Masdar chief urges Saudi Arabia to tap wind energy

Mohamed Jameel Al-Ramahi, CEO of Masdar. (Photo courtesy: social media)
Updated 11 November 2017
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Masdar chief urges Saudi Arabia to tap wind energy

DUBAI: Wind power represents a huge untapped source of energy for Saudi Arabia, according to the CEO of Masdar.
Saudi Arabia’s Red Sea coast enjoys attractive wind resources similar to parts of Jordan where the Abu Dhabi-based company has also helped to develop wind power, said Mohamed Jameel Al-Ramahi, CEO of Masdar, in an interview on the sidelines of a World Economic Forum event in Dubai.
But the renewable energy source may be more challenging to develop in Masdar’s UAE home, where it has also been assessing its potential.
“In the UAE, it is not feasible,” he said. “We do have certain pockets of wind corridors where we could use new technology – for example now you have slow wind turbines for slow wind speeds –that could potentially be OK for these regions – but still the pricing is not right.’
Saudi Arabia offers considerably more potential for the development of wind energy.
“In the Kingdom of Saudi Arabia, wind will play a very important role. It is blessed with a lot of resources – not only solar,’ he said.
Masdar is the region’s largest exporter of renewable energy – operating utility-scale projects as well and a player in everything from off-grid power generation in Africa to autonomous vehicles.
Al-Ramahi said that Masdar was actively targeting projects in the Kingdom, which has started to invest heavily in renewable energy as part of a broader economic reform plan aimed at reducing its reliance on oil.
The Kingdom wants to develop about 9.5 gigawatts of renewable energy by 2023 – with solar power accounting for the lion’s share.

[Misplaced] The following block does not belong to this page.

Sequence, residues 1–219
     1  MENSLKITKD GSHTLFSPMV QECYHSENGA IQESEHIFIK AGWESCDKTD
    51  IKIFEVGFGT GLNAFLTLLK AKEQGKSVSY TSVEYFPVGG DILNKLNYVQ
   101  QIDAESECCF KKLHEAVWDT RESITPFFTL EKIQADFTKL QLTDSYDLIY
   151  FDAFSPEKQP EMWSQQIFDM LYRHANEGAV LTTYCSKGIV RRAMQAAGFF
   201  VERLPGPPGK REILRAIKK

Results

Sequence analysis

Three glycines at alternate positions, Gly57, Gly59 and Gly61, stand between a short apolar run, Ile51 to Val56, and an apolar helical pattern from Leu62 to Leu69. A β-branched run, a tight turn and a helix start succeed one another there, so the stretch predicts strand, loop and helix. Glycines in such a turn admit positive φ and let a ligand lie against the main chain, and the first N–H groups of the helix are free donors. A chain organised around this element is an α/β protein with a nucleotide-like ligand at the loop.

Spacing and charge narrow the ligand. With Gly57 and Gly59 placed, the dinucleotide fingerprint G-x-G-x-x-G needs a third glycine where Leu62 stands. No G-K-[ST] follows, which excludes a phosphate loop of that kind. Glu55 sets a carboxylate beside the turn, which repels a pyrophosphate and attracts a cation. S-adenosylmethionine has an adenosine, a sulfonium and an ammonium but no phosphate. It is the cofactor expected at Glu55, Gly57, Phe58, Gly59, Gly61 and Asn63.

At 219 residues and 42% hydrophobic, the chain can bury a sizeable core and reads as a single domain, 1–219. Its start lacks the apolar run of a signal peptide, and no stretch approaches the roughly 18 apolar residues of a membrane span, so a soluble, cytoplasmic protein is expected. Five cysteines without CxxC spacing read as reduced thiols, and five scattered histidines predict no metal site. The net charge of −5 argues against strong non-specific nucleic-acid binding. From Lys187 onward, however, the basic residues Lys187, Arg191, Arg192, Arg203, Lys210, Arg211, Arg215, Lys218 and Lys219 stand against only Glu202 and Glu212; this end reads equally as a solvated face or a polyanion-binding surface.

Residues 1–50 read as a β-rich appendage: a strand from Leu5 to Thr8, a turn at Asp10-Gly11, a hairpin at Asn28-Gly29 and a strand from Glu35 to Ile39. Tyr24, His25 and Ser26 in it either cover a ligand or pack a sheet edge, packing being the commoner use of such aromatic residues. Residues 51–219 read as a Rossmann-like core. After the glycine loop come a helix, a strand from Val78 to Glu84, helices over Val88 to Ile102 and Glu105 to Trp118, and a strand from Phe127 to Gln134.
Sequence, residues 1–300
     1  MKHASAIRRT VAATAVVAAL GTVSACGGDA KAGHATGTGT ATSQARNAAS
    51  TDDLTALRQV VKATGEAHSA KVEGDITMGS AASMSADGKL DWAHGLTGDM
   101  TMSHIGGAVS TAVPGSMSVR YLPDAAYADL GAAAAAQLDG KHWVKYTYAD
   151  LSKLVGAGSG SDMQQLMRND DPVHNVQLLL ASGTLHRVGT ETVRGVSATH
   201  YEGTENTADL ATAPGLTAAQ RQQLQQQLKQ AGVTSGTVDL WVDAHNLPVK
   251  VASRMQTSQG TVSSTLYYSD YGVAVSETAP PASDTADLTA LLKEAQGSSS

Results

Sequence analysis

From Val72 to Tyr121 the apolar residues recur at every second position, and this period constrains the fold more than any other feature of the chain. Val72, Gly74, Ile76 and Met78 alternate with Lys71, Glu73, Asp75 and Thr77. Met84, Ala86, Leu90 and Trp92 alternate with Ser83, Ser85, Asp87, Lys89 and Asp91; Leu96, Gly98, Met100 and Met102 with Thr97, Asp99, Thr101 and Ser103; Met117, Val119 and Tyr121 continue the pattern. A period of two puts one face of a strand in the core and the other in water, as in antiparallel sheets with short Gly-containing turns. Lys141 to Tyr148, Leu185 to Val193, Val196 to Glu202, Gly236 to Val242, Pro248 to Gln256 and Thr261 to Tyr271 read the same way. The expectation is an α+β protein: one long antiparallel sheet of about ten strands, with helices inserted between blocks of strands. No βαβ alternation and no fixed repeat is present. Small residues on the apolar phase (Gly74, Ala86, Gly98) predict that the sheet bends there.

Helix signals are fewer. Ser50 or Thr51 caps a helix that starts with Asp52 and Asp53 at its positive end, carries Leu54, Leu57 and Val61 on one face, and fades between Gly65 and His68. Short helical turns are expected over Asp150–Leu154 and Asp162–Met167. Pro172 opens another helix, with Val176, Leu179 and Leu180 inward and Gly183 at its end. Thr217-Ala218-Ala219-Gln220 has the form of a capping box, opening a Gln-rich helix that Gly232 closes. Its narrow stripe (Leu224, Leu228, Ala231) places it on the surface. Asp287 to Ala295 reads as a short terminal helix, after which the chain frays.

Masdar has invested about 10 billion dirhams ($2.7 billion) in projects worldwide.


Oil prices rise on Libyan export interruption, but markets remain weak

Updated 23 min 36 sec ago
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Oil prices rise on Libyan export interruption, but markets remain weak

  • The rise came after crude prices dropped by 3 percent the session before amid ongoing weakness in global stock markets and concerns that slowing oil demand-growth could erode supply cuts
  • Crude futures have lost around a third of their value since early October amid the financial market slump and an emerging oil supply overhang

SINGAPORE: Oil prices edged up on Tuesday after Libya’s National Oil Company declared force majeure on exports from the El Sharara oilfield, which was seized at the weekend by a local militia group.
Despite that, overall sentiment on oil prices remained weak amid worries over global stock markets and doubts that planned supply cuts led by producer club OPEC will be enough to rein in oversupply.
International Brent crude oil futures were at $60.19 per barrel at 0336 GMT, up 19 cents, or 0.3 percent, from their last close.
US West Texas Intermediate (WTI) crude futures were at $51.16 per barrel, up 16 cents, or 0.3 percent.
Libya’s National Oil Company (NOC) late on Monday declared force majeure on exports from the El Sharara oilfield, the country’s biggest, which was seized at the weekend by a militia group.
NOC said the shutdown would result in a production loss of 315,000 barrels per day (bpd), and an additional loss of 73,000 bpd at the El Feel oilfield.
The rise came after crude prices dropped by 3 percent the session before amid ongoing weakness in global stock markets and concerns that slowing oil demand-growth could erode supply cuts announced last week by the Organization of the Petroleum Exporting Countries (OPEC) and some non-OPEC producers including Russia.
Crude futures have lost around a third of their value since early October amid the financial market slump and an emerging oil supply overhang.
In a show of no confidence, money managers cut their bullish wagers on crude to the lowest in more than two years in the week ending Dec. 4, the US Commodity Futures Trading Commission (CFTC) said on Monday.
The financial speculator group cut its combined futures and options position in New York and London by 25,619 contracts to 144,775 during the period. That is the lowest level since Sept. 20, 2016.
In physical markets, Kuwait and Iran this week both reduced their January crude oil supply prices to Asia
“There remains a lot of uncertainty if the production cut is thick enough to make a significant dent in global supply,” said Stephen Innes, head of trading for Asia-Pacific at futures brokerage Oanda in Singapore.
“The general risk-off tone in global markets and the stronger dollar ... are contributing to the selling pressure.”
The OPEC-led group of oil producers last Friday announced a supply cut of 1.2 million barrels per day (bpd) in crude oil supply from January, measured against October 2018 output levels.